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TALLAHASSEE (CBSMiami) – Jobs, tax cuts and incentives for small businesses were the focus of Governor Rick Scott’s 2016 State of the State address.

During the speech, Scott pointed out that since he was first elected in 2010, the state’s unemployment rate has steadily declined. He said the number of jobs in the state have gone up and we must continue to keep job creation going strong.

To achieve this, according to the governor, Florida must continue what it has done over the last five years – diversify the economy and help small businesses grow by creating a new $250 million Florida Enterprise Fund.

One of the key issues for Scott will be to persuade a divided legislature into passing his one billion dollar tax cut package. That package includes a plan to reduce taxes, rather than cutting property taxes, because Scott said the state needs to keep adding jobs.

“I believe that the best way to help our weakest, our poorest, and our most disadvantaged neighbors live their dreams is to help them get a job,” said Scott. “A job is the number one way to change any person’s life for the better and today, I am proud to report to you, that the State of Florida is in one word, “growing!”

Scott added that his tax cut plan would also help shield the state from another recession.

Florida Chamber of Commerce President and CEO Mark Wilson said he supports the governor’s tax cut proposal.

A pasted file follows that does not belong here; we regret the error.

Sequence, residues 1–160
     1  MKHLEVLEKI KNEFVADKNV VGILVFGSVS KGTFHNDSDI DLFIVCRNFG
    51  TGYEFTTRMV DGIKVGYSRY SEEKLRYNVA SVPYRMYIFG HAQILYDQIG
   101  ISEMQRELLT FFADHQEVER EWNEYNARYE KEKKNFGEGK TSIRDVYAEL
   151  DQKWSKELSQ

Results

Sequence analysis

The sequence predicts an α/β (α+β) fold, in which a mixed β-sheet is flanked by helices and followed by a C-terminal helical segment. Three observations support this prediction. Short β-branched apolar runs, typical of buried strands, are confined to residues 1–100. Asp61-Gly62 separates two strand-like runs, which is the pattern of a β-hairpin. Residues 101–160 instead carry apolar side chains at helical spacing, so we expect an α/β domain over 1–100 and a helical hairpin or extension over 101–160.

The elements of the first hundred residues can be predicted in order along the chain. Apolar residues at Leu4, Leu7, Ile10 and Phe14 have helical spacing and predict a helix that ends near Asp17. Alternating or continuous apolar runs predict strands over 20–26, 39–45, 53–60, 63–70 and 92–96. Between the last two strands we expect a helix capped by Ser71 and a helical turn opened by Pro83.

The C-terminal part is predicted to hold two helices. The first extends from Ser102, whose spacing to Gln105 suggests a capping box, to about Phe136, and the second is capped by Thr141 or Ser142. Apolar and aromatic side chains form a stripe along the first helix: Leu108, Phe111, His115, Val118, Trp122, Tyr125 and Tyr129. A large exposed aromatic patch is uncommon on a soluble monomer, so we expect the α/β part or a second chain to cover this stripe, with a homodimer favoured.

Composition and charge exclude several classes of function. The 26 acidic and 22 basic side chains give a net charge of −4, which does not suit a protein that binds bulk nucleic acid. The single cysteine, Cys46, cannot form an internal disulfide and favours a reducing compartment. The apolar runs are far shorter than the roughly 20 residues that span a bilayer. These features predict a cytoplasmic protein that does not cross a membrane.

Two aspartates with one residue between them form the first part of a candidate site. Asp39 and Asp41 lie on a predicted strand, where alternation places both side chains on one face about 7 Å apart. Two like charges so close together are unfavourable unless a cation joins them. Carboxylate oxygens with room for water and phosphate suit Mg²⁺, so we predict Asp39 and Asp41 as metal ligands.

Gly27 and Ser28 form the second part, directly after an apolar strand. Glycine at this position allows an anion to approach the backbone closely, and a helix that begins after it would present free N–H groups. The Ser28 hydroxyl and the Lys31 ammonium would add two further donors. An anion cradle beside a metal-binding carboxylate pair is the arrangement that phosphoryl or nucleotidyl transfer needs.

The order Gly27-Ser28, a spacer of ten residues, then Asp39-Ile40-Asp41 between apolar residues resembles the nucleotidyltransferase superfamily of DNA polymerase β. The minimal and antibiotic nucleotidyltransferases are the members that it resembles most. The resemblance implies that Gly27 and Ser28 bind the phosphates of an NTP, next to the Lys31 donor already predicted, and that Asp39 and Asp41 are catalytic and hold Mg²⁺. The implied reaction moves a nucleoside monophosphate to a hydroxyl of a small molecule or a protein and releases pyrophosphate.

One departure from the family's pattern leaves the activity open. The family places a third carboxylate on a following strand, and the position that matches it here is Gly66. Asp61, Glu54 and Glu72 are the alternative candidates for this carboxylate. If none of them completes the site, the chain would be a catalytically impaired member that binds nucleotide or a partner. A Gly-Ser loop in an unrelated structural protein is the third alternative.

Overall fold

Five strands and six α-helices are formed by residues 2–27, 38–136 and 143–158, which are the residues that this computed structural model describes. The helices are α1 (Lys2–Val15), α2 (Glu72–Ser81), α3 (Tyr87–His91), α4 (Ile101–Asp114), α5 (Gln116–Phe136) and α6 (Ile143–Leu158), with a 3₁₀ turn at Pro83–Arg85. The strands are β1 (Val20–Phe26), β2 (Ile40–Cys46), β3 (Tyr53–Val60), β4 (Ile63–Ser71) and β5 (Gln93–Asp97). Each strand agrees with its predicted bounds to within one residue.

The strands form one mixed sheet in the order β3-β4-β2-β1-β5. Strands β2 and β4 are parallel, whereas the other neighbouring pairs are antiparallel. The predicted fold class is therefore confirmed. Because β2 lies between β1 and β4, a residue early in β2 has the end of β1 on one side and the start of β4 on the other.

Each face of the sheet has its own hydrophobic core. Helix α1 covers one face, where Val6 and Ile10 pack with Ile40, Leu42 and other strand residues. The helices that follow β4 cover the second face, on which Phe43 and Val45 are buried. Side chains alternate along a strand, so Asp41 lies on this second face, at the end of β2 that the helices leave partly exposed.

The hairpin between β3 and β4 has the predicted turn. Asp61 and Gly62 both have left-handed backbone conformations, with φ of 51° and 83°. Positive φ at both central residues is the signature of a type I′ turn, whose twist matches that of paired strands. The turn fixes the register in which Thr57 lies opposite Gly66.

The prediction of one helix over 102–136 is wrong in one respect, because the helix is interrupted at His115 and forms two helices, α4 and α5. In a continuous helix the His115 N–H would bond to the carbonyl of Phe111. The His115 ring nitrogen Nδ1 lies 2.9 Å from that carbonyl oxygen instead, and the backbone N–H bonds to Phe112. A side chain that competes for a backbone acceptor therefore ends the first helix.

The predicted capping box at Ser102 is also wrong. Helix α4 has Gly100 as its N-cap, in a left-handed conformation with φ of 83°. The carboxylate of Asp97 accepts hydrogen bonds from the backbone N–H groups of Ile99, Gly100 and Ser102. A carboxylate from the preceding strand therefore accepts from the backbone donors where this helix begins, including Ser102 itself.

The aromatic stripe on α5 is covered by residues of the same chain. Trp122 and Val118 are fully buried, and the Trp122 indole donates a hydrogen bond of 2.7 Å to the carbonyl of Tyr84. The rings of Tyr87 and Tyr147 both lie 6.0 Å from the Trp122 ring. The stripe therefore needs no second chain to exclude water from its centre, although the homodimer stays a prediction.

“Florida has added one million new jobs in five years. And nationally, one in 11 jobs that were added in 2015 were added in Florida. We have cut taxes 50 times in five years in Florida. And every time we cut taxes, contrary to what a lot of people would like to believe, our economy grows. And when our economy grows, we actually generate more tax revenue.”

SEIU Florida, which represents over 55,000 healthcare professionals, public employees, and property service workers in the state, said the governor has missed the mark.

“The solutions are there, but Gov. Scott and Republican legislators are choosing to pass laws that harm working Floridians instead of protecting them, like proposing a $770 million tax-cut for big business while shifting the burden on the people,” said SEIU Florida President Monica Russo in a statement. “More than 4 million Floridians would benefit from raising the minimum wage to $15, and a vast majority of underpaid Floridians are voters. It is time for Florida legislators to step up to the plate and support underpaid Floridians struggling to make ends meet, or get out of the way.”

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